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3 min read 20 comments

Android is becoming more like iOS and it's a good thing

Android N has landed and it brings the platform another little step closer to iOS. Now, I love Android. I love that Android is not iOS. But I believe that it will ultimately benefit from a few facets of the iOS design. Here's why.

Android is heading in Apple's direction, and it's a good thing. / © ANDROIDPIT

Reply from notifications

The ability to reply from within notifications has been around since iOS 8 and now Android is probably going to adopt it in the next version of Android. Remember, however, that the Android N Developer Preview is a work in progress: things can change.

This addition is sensible, because it shortcuts the process of diving into specific apps. Shortcuts are tasty. Shortcuts save us time. Time is precious. Irrespective of whether or not this was invented by Apple (it wasn't), iOS has put it to effective use, and I'm glad we can now enjoy it on Android.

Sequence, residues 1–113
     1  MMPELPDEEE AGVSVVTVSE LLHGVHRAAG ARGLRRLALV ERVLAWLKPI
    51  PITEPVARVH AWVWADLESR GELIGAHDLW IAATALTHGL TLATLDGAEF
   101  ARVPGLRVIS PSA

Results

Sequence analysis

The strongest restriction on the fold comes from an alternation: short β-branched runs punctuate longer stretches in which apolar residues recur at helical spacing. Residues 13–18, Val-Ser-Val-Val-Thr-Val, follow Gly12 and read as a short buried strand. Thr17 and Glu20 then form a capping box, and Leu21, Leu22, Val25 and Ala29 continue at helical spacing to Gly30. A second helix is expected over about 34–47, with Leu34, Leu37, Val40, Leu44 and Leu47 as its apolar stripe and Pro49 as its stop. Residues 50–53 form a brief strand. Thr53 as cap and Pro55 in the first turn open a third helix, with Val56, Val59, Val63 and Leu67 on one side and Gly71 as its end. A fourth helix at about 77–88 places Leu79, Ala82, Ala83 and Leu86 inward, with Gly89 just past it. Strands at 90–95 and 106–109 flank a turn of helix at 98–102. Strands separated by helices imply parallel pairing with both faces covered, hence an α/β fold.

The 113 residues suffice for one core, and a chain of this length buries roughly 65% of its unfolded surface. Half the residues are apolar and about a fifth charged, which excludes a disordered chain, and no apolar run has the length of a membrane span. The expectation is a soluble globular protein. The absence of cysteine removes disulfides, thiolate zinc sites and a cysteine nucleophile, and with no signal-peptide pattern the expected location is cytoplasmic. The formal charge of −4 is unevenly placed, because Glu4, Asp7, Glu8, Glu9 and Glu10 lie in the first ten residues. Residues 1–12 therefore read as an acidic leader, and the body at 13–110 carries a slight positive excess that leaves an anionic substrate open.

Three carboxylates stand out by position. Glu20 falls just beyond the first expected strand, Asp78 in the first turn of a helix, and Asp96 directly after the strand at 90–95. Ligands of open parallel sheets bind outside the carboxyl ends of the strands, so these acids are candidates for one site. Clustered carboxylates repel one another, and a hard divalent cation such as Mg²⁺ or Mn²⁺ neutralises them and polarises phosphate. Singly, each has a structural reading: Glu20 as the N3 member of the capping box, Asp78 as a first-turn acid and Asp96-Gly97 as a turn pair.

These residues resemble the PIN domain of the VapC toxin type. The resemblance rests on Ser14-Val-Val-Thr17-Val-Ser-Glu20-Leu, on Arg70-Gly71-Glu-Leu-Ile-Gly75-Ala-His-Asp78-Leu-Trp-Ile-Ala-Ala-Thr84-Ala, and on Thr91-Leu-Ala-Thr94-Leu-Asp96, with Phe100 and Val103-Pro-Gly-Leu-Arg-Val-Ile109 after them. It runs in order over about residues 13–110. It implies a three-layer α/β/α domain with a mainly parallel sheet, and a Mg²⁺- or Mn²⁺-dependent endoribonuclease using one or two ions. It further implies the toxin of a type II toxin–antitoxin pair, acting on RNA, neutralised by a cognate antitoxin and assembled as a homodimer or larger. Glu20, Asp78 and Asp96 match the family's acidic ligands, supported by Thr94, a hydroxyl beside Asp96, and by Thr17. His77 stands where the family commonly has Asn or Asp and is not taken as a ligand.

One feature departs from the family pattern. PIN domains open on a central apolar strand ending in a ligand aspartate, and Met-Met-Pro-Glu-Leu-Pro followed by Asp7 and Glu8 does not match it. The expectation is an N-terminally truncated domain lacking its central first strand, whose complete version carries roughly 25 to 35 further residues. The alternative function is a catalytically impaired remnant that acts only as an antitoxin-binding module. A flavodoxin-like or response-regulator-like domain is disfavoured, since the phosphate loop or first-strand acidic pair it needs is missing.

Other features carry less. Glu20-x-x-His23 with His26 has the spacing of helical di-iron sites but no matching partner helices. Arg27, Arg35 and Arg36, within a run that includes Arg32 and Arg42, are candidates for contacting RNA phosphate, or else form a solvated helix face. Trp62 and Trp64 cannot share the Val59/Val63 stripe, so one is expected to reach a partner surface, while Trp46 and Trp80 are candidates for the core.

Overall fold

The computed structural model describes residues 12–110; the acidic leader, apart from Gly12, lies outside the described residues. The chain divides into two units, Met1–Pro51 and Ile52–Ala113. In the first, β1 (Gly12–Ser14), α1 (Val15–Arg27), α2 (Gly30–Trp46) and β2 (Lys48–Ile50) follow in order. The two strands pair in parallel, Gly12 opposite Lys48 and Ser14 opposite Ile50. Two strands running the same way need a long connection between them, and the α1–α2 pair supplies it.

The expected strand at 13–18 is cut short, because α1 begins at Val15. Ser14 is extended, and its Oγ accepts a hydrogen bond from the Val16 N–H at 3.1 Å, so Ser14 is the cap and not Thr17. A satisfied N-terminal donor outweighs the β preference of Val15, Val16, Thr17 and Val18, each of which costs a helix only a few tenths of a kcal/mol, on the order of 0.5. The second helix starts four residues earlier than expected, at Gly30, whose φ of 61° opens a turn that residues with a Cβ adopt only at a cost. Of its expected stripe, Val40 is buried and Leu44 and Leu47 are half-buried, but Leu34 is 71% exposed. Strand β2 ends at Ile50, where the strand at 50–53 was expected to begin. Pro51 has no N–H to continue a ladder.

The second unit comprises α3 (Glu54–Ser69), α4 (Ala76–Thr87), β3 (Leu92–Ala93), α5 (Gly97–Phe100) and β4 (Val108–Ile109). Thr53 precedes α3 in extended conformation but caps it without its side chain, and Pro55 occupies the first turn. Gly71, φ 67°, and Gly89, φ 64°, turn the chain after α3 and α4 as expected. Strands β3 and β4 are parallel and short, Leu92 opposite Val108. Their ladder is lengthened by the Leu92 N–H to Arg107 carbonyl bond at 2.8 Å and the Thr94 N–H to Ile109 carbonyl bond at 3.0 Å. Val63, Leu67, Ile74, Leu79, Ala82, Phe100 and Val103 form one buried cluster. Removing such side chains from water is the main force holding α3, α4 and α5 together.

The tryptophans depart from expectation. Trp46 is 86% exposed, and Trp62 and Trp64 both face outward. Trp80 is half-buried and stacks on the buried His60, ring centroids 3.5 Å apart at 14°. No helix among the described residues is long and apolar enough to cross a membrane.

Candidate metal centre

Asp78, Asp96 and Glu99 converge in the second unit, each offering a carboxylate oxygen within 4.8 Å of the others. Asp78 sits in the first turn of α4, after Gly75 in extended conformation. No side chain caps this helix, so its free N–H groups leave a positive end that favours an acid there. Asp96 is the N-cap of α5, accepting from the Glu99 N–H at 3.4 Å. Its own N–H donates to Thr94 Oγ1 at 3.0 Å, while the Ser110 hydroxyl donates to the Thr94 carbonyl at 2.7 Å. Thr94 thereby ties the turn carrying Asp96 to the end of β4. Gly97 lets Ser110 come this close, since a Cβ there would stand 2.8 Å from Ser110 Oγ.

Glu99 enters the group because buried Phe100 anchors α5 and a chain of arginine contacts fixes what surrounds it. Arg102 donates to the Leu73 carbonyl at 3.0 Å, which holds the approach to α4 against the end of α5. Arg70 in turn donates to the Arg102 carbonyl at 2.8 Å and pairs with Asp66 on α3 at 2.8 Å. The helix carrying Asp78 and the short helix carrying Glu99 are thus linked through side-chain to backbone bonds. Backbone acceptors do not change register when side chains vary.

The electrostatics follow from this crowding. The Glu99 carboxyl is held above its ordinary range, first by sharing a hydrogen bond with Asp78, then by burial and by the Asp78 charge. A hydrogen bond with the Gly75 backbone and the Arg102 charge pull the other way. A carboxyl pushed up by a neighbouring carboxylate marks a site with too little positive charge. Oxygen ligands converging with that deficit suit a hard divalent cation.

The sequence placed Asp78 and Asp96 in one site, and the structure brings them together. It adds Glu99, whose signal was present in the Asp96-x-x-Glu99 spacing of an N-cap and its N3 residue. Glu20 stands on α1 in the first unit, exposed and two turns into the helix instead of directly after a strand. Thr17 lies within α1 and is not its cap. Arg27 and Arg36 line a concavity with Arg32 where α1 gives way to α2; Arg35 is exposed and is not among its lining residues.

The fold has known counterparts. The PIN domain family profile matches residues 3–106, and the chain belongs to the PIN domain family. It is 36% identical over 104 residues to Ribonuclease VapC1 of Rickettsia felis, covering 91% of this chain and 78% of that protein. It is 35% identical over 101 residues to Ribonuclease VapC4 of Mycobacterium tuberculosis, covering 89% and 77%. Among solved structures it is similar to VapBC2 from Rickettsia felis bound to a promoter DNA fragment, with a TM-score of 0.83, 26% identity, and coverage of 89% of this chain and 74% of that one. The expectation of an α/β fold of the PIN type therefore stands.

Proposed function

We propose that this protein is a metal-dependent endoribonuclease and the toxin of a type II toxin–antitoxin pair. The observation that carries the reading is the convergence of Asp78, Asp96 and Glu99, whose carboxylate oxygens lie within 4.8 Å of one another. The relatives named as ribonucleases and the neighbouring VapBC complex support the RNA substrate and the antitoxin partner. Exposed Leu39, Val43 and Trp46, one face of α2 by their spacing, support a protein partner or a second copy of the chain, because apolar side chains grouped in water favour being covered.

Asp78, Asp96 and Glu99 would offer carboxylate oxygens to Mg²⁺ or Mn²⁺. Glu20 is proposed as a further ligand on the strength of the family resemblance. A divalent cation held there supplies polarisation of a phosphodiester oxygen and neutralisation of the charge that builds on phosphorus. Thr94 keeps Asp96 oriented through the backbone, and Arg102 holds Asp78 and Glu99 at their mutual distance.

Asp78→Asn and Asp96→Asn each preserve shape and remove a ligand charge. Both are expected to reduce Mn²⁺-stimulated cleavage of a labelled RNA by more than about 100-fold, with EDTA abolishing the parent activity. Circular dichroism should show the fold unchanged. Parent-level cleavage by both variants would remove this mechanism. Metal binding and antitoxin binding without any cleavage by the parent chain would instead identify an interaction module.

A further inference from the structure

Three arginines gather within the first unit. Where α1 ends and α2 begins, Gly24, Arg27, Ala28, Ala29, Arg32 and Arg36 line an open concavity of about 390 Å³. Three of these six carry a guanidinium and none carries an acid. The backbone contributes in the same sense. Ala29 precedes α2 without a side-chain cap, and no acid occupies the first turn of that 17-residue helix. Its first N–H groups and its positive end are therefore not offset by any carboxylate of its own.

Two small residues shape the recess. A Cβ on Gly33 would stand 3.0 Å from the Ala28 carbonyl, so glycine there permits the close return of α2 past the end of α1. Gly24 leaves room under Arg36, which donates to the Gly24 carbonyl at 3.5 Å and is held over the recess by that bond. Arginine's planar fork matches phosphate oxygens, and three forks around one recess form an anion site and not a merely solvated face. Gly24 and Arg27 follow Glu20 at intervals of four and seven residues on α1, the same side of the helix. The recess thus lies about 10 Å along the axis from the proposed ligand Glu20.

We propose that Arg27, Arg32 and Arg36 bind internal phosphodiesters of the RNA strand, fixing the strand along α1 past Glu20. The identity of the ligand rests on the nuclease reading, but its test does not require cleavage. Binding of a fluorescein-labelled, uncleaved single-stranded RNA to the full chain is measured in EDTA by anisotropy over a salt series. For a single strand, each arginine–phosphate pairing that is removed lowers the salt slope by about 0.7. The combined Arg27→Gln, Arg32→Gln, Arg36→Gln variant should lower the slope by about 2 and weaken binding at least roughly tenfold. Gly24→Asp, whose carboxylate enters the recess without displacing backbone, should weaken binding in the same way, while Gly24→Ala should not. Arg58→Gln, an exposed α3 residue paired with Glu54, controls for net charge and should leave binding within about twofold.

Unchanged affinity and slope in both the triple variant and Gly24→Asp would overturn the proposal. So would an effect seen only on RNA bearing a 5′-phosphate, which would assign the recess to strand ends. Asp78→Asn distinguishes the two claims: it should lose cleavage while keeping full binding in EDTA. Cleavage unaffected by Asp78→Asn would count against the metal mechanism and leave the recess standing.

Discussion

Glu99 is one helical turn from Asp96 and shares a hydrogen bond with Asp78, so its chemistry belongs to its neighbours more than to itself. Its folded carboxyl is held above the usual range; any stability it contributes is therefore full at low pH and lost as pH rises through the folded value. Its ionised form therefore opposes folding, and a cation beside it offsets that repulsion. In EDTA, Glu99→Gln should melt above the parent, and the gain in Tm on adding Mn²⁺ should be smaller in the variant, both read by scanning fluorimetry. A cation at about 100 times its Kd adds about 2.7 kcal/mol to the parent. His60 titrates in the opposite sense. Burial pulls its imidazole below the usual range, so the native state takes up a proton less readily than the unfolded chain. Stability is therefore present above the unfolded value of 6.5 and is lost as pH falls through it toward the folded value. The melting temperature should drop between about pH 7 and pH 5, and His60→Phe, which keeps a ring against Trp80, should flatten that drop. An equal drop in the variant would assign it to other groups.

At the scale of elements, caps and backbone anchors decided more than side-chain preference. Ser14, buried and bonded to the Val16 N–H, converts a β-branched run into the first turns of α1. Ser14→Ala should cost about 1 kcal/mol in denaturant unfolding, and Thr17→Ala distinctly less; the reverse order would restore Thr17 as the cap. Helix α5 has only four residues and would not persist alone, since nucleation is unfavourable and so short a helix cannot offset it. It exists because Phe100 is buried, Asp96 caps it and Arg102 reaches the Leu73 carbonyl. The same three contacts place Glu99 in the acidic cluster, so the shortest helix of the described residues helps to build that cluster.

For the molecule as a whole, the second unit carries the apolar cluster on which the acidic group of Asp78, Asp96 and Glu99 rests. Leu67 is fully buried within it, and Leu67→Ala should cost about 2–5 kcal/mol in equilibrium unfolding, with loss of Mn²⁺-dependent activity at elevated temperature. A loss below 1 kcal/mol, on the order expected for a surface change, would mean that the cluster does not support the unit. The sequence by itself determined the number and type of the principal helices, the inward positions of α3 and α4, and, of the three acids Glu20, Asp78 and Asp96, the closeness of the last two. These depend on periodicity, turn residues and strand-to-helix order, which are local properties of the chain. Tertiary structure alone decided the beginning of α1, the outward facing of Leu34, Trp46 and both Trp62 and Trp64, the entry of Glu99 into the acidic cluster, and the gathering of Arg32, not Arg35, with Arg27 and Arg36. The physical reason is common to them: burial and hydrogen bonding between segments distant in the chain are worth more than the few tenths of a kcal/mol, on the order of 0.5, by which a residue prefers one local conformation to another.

Split view / multi-window

iOS 9 got to split view before stock Android, too, though Samsung’s TouchWiz has had these capabilities for years. There should be few complaints about the addition of this feature to the Android functionality roster as it's a feature which has been crying out to be implemented for years.

This has become even more necessary as Android tries to bridge the gap between mobile and desktop. 

True multi-window added to Android N. / © ANDROIDPIT

Night mode 

Android almost got to this one first. It was primed for integration with Android M but it was removed for the final build. Night mode looks set to make a comeback in the next major Android version, but iOS introduced a similar feature known as night shift in version 9.3.

Night mode and night shift can help us get better sleep in a similar way to how Twilight Pro works. You can download an app for a similar effect, but for those who aren't aware of it, the feature should come as a nice inclusion in Android N.

The app drawer removal?

Some manufacturers have already ventured into this territory (LG and Xiaomi being two of the major players to remove the app drawer) and it’s not certain whether it will be removed from the next Android OS – rumors have suggested it will be, but in the first build, it remains. 

If we can fit all of our apps onto home screens, is the app draw still relevant? Or is it just a hanger-on from a previous generation? The jury's still out.